Home > News > Press Releases > 2010 > NEW JERSEY BEEKEEPERS FACING CHALLENGES AFTER WINTER HONEYBEE DEATHS
NEW JERSEY BEEKEEPERS FACING CHALLENGES AFTER WINTER HONEYBEE DEATHS
NJ Department of Agriculture Focuses on Education
For Immediate Release: June 3, 2010
Contact: Lynne Richmond
(TRENTON) – New Jersey beekeepers have been facing increasing numbers of winter death loss of their colonies due to a number of factors including rainy weather and parasitic mites, according to New Jersey State Apiarist Tim Schuler, who today gave an update on the status of the state’s bee population during a new beekeepers class at Rutgers EcoComplex in Bordentown.
Over this past winter, losses of bee colonies in New Jersey totaled 35 percent. In winter 2008-2009, there was a 34 percent loss and winter 2007-2008, the loss was 17 percent. Bee loss is a national problem; a recent survey showed losses of managed honey bee colonies nationwide totaled 33.8 percent from all causes for winter 2009-2010.
“The best way to preserve our state’s bee population is to continue to educate both newer and veteran beekeepers on how to prevent problems before they arise,” said Carl P. Schulze Jr., Director of the Department of Agriculture’s Division of Plant Industry. “Honey bees are vitally important to agriculture for pollination of crops such as blueberries, apples, cranberries and pumpkins.”
Schulze attended the Bee-ginner’s Beekeeping class, offered through Rutgers University’s Office of Continuing Education, taught by Schuler and Bob Hughes, also from the Department of Agriculture.
Schuler’s main job as State Apiarist is to inspect bee colonies throughout the state. His inspections yielded a large number of dead bee colonies this past winter. Bee samples collected from those colonies were analyzed at the United States Department of Agriculture lab in Beltsville, Maryland. Results showed very high levels of Nosema disease along with varroa and tracheal mites. Nosema causes diarrhea in honey bees and a general unthriftiness, which weakens the bees and their colonies. Varroa mites are parasites that suck the blood from adult and young bees, weakening and shortening the lifespan of the ones on which they feed.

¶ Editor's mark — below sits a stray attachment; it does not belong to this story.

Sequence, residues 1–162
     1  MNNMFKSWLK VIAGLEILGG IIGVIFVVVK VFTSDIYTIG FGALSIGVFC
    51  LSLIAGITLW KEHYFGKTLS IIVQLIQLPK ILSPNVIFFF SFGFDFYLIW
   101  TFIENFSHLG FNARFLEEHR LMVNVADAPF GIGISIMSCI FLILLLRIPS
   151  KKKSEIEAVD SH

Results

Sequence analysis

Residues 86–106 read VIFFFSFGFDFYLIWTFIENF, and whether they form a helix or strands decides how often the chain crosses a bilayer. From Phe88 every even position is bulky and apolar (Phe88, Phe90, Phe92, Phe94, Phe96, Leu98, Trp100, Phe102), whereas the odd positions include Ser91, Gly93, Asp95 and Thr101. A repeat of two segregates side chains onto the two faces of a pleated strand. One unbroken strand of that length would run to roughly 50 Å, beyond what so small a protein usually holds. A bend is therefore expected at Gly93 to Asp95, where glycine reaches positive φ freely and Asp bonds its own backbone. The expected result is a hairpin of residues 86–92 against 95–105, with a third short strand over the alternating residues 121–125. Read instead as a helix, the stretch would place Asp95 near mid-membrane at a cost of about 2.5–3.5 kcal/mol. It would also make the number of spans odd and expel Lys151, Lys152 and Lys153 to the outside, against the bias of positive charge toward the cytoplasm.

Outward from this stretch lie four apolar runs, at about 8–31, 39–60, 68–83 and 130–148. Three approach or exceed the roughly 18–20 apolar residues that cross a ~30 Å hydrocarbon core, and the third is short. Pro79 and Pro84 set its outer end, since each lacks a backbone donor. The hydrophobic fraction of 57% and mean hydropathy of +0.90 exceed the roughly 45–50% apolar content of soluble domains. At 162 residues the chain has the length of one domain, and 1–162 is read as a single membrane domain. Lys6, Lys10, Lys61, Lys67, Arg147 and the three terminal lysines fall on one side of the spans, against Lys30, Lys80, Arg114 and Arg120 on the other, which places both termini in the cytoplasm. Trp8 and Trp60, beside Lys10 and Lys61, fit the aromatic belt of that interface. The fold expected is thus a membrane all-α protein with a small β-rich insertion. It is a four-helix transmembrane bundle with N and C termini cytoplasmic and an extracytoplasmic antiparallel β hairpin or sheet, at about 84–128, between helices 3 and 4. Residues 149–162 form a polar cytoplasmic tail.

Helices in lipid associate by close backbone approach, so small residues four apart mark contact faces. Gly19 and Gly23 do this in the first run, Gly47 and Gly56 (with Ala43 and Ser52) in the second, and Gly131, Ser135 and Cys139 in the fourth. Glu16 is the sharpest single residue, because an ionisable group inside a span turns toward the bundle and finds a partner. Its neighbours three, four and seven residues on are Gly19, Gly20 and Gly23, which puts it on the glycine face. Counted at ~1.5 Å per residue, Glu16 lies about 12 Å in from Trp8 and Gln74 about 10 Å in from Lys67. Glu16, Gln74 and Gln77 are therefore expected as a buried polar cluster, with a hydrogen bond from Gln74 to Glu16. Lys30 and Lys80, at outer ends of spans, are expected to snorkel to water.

Tim Schuler teaching the Bee-Ginner's Beekeeping Course on June 3rd.
Schuler has developed recommendations for beekeepers and has been speaking at New Jersey Beekeepers Association branch meetings throughout the state, discussing the timing of mite treatments and the damage mites cause in the hives. He also is continuing to encourage new and part-time beekeepers.
“I am focusing on developing sideline beekeepers who supplement their income through beekeeping,” said Schuler. “Some are honey producers but others are pollinators, providing pollination services to New Jersey farmers.”
There has been great interest in beekeeping since the Department of Agriculture offered an incentive program in 2006 and again in 2008. A requirement of receiving startup beekeeping equipment was completion of the Bee-ginners Beekeeping course through Rutgers Office of Continuing Education. Since 2006, 1,000 people have taken the course, with 100 of those receiving the free equipment.
Last year, Schuler introduced an advanced beekeeping class, “Beyond the Basics,” also offered through the Office of Continuing Education Two classes were held and were filled at 40 people each. This year, one advanced class will be held on June 18 and 19th. A third beginning beekeeper class is scheduled for October 14-16.
New Jersey has about 190 farms with 9,000 bee colonies that yielded 288,000 pounds of honey with a production value of $556,000 in 2009. That compared with 2008 when 360,000 pounds were collected with a value of $583,000.
For more information on the New Jersey Department of Agriculture Bee Inspection program, visit www.nj.gov/agriculture/divisions/pi/prog/beeinspection.html.
The honeybee is New Jersey’s official state insect. Governor Brendan Byrne signed the law making that designation in 1974 after a Trenton second-grade class lobbied to honor the honey bee.